Test Before Trust
I once had a boss who used to tell me this, "Liz, it is good to trust but it is best to doubt". I never quite understood him them and I actually thought he was being mean, but many years down the line I now fully understand what he meant by that. I have to admit that this has not been one of my strengths, but as I keep learning from my mistakes, I now understand why it is important to test before trusting.
So, what can we learn about testing before trusting from the female eagle? Here are a few facts that might astonish you if you never knew about them before today....
- The female eagle during courtship always takes a male eagle into the air after picking up a twig from the ground and dropping it from a certain height for the male to chase it. Once the male catches hold of it and brings back, the female flies into a higher altitude and drops it in the same way. This is repeated until the female gets an assurance that the male has mastered the art of seriously picking up the twigs in real love and affection.
- Once they get hooked up in trust, the father and the mother eagle mate for life. They also work together as parents. On this note, believe this or not. Eagles are known for their aggression. They are absolutely ferocious aren’t they? Anyone who doesn’t have a total knowledge of this great bird will say "yes". What is more astonishing with this bird is their ability to nurture their young ones. Research has shown that no member of the bird family is more gentle and attentive to its young ones than the eagles.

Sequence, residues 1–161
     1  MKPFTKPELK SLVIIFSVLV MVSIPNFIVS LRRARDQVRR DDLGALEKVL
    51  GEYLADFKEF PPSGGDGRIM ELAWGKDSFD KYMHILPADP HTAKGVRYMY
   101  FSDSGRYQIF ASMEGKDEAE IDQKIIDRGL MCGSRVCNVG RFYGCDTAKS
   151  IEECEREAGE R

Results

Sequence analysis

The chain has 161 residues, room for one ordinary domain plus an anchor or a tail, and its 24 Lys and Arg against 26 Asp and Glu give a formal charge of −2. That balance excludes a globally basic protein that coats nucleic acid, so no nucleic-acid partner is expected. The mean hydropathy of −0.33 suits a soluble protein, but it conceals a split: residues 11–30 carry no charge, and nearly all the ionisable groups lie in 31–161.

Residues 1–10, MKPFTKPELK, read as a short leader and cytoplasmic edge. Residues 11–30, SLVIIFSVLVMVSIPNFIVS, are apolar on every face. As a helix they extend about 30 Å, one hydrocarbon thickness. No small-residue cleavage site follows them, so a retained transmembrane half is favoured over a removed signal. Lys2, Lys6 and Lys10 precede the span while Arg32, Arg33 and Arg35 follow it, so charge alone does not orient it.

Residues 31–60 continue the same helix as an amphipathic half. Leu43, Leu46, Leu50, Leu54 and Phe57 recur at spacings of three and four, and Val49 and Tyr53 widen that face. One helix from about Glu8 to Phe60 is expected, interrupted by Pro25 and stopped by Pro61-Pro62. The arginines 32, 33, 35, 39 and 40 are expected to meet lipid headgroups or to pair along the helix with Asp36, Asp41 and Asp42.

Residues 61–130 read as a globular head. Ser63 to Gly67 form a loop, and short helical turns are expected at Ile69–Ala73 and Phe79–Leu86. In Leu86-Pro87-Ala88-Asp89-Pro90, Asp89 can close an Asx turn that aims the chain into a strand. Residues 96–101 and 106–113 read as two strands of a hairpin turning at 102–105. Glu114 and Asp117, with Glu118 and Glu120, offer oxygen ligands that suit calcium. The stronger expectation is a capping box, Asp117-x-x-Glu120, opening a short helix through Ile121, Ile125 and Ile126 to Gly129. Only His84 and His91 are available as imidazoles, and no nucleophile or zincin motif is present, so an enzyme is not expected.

- This is how it happens. When the mother eagle sees that time has come for it to teach the eaglets to fly, she gathers an eaglet onto her back, and spreading her wings, flies high. Suddenly she swoops out from under the eaglet and allows it to fall. As it falls, it gradually learns what its wings are for until the mother catches it once again. The process is repeated. If the young is slow to learn or cowardly, she returns it to the nest, and begins to tear it apart, until there is nothing left for the eaglet to cling to. Then she nudges him off the cliff.
The moral of the story is, true leaders are not bosses. They grow with their people. They strive to make individuals in the organization or society grow to their full ability. They teach and guide just like the mother eagle does. They never stop giving challenges but never give-up empowering and directing. They don't just trust, they test before the trust.
And so should you.